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Officials at the Andy Warhol Museum in Pittsburgh have announced the recovery of long-unseen digital images that the late pop artist created on a Commodore Amiga computer in 1985.
The museum announced Thursday that the images were extracted from floppy disks that Warhol had used to save the files. The images had been inaccessible for years due to the obsolete Commodore format, the museum said.
In the ‘80s Warhol was commissioned by Commodore International to create art with the Amiga to demonstrate its graphic arts capabilities, according to the museum. His creations include a digital rendering of a Campbell’s soup can, a portrait of Blondie singer Debbie Harry, a banana and a version of Botticelli’s “The Birth of Venus.”
Warhol expanded his portrait of Harry into an artistic series, but the other images have long remained lost to public view. Warhol died in 1987.
A team organized by the Hillman Photography Initiative at the Carnegie Museum of Art was ultimately successful in extracting the files from the disks.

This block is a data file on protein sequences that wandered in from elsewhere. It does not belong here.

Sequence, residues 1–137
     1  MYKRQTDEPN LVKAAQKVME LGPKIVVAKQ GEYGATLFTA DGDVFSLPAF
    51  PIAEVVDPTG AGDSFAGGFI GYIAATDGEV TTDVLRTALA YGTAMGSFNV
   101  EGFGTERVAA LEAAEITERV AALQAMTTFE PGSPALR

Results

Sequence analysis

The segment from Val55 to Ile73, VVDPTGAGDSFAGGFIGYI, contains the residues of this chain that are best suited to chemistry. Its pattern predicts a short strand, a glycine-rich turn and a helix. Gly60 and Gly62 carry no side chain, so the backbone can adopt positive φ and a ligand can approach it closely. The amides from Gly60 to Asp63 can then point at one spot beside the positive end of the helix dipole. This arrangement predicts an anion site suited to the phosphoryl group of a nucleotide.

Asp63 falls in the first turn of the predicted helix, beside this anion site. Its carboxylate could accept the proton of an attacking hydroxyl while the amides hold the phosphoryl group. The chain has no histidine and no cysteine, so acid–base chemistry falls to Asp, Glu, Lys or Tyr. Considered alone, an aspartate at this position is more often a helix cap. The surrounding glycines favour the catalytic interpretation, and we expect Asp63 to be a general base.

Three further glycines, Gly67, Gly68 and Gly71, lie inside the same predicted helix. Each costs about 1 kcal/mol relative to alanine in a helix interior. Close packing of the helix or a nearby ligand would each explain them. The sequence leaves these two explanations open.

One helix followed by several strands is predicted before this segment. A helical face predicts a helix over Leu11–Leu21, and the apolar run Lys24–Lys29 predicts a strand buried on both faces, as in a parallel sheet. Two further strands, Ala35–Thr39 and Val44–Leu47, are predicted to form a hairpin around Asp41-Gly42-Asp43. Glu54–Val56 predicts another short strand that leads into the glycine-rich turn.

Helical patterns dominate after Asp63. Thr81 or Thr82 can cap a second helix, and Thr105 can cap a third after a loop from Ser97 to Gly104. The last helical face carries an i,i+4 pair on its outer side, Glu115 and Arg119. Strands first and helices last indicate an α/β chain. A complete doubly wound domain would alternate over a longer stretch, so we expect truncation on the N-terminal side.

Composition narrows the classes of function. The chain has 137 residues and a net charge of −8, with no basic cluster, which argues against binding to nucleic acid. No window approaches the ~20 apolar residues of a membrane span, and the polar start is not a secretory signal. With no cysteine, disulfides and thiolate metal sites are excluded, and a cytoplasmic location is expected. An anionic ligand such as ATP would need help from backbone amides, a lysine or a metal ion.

Artist Cory Arcangel, who has embraced video games as part of his eclectic body of work, was the driving force behind recovering Warhol’s Amiga images after learning about their existence from a YouTube clip showing Warhol promoting the Amiga 1000 in 1985.
Arcangel teamed up with the Warhol Museum to work on pulling the files from the floppy disks, which had been held in the museum archives since 1994. The effort, which also involved the Carnegie Mellon University Computer Club, began in 2011 and included 41 disks that eventually yielded 20 images.
Andy Warhol, Venus, 1985, ©The Andy Warhol Foundation for the Visuals Arts, Inc.,